Friday, July 17, 2015


[I'm in full mad-scientist mode here, so things may be a bit incoherent in places but I do have some more realistic (or at least, less febrile) plans in the queue.]

MOOC advocates like Friedman have been both wildly ambitious about the potential impact of the technology and strangely timid about pushing its boundaries. Mostly, they fall back on the catalytic theory of educational technology. Rather than doing hard thinking about what different media are good at, they simply assume that the presence of technology will automatically make things better.

For all the talk about reinventing the form, MOOCS still tend to look pretty much like this:

A series of lessons and assignments given in a specific order, in other words, just like any other course..

Why are courses so linear? Because the current system is based on having instructors interact face-to-face with large numbers of students, and the only cost-efficient way to do this on a large scale is to collect the students in groups and take them through standardized instruction. We can go back-and-forth on the value of this face-to-face interaction, but it is clear that, once you have eliminated this requirement, you have no need for this level of standardization.

Even if we accept the necessity of having everybody take a common set of exams (and I am not entirely prepared to concede that one either), there is still no reason for all students in a MOOC to take the same instructional units in the same order.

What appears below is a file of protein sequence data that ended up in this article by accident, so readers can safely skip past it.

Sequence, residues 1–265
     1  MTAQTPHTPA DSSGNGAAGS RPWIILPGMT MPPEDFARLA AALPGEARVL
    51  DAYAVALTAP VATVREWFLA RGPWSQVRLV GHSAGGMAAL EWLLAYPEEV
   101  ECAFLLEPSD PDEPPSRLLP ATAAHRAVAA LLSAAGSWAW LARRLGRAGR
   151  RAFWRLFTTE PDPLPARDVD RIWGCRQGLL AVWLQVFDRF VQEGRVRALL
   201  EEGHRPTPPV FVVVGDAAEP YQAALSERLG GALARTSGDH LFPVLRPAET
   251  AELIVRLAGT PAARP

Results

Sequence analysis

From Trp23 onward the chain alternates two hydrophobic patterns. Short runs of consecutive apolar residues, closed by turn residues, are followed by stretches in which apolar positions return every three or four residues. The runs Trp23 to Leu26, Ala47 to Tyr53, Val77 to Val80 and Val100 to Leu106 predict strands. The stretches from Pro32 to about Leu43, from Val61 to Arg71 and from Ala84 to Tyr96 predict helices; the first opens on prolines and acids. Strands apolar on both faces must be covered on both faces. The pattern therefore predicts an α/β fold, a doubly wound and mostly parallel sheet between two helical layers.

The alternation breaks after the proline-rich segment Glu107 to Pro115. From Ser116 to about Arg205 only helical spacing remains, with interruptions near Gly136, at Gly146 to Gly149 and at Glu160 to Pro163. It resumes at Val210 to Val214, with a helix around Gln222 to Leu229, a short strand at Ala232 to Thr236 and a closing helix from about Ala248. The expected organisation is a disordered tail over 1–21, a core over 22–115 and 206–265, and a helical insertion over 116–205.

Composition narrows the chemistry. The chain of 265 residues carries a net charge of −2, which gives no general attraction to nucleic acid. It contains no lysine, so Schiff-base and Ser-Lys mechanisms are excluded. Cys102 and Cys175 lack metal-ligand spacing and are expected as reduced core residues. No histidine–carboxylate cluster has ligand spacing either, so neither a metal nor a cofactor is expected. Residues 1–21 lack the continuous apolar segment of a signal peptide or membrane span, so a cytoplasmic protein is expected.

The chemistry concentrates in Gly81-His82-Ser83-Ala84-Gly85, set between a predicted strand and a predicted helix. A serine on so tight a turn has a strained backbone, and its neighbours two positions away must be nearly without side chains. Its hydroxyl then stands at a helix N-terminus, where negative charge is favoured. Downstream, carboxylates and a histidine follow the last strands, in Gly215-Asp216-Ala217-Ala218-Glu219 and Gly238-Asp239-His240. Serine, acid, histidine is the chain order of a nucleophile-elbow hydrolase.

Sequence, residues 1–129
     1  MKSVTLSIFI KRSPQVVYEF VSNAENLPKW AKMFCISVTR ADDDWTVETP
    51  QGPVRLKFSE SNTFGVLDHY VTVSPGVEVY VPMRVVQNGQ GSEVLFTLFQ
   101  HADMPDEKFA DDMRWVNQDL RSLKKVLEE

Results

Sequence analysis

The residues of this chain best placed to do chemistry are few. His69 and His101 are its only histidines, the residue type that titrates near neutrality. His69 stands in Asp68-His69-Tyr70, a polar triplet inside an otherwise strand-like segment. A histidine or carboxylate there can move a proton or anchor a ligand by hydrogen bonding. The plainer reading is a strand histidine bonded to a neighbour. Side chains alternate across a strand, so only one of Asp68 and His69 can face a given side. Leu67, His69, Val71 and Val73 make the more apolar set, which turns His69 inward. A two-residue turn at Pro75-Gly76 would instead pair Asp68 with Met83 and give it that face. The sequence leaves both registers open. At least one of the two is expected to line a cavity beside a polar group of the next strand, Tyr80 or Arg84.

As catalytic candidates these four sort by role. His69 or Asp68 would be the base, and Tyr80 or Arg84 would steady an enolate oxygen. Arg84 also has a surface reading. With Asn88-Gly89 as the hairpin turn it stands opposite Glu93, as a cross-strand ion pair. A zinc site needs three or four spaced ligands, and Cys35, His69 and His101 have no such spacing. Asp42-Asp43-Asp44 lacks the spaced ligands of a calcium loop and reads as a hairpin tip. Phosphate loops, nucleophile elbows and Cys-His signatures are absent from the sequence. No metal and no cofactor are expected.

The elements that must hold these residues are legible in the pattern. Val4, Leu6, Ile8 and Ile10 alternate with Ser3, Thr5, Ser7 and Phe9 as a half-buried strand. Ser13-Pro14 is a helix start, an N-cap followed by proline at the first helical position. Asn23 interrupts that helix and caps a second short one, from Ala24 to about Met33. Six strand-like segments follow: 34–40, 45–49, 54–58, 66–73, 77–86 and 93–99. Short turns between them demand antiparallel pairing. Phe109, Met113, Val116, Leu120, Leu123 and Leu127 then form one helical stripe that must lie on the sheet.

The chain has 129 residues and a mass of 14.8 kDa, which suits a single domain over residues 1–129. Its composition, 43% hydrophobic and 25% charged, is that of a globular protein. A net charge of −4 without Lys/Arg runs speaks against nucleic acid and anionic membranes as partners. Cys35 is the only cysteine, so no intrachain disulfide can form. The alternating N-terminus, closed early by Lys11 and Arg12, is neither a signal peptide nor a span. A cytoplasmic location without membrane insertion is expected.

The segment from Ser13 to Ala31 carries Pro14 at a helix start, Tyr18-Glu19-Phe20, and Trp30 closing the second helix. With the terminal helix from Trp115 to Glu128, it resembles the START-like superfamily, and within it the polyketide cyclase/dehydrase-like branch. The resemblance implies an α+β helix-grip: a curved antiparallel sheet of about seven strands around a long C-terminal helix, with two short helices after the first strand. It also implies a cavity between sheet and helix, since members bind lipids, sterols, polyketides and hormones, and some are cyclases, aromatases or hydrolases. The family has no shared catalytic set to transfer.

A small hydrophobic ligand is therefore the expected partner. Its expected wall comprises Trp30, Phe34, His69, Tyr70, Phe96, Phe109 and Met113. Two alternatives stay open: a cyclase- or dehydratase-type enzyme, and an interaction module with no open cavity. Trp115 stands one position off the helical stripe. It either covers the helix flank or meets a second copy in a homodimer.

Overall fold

Instead of thinking lesson one, lesson two, exam one, lesson three, exam two and so forth ad nauseam, we should probably be thinking more in the lines of this:

We have some kind of assessment. Based on the results of that assessment, the student is sent to a certain module. That module could be pretty much anything. The student could be directed to watch a video clip, listen to an audio file, read a section of text, play a game, chat with an instructor, or even have a tutoring session or study group. Even the assessments might vary based on path.

In addition to being customized to each student and allowing for an wide array of modules, the MOO? is an evolving format. Assessments can be changed, paths can shift, and, most importantly, more modules can always be added (possibly even user based content).

I know this is all very rough and inchoate, but I do plan to get specific in the near future, starting with our old friend, Eugen Weber.

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